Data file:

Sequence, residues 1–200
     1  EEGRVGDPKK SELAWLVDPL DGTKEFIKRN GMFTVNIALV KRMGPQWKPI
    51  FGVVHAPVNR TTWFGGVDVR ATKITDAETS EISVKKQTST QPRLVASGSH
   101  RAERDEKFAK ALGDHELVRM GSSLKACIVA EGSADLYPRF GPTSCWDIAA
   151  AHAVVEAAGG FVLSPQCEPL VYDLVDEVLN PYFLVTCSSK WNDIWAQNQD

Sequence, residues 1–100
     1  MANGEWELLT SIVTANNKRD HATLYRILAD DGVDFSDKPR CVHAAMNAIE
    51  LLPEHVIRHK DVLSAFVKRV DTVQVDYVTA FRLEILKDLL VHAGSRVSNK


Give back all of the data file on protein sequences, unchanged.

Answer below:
Sequence, residues 1–200
     1  EEGRVGDPKK SELAWLVDPL DGTKEFIKRN GMFTVNIALV KRMGPQWKPI
    51  FGVVHAPVNR TTWFGGVDVR ATKITDAETS EISVKKQTST QPRLVASGSH
   101  RAERDEKFAK ALGDHELVRM GSSLKACIVA EGSADLYPRF GPTSCWDIAA
   151  AHAVVEAAGG FVLSPQCEPL VYDLVDEVLN PYFLVTCSSK WNDIWAQNQD

Sequence, residues 1–100
     1  MANGEWELLT SIVTANNKRD HATLYRILAD DGVDFSDKPR CVHAAMNAIE
    51  LLPEHVIRHK DVLSAFVKRV DTVQVDYVTA FRLEILKDLL VHAGSRVSNK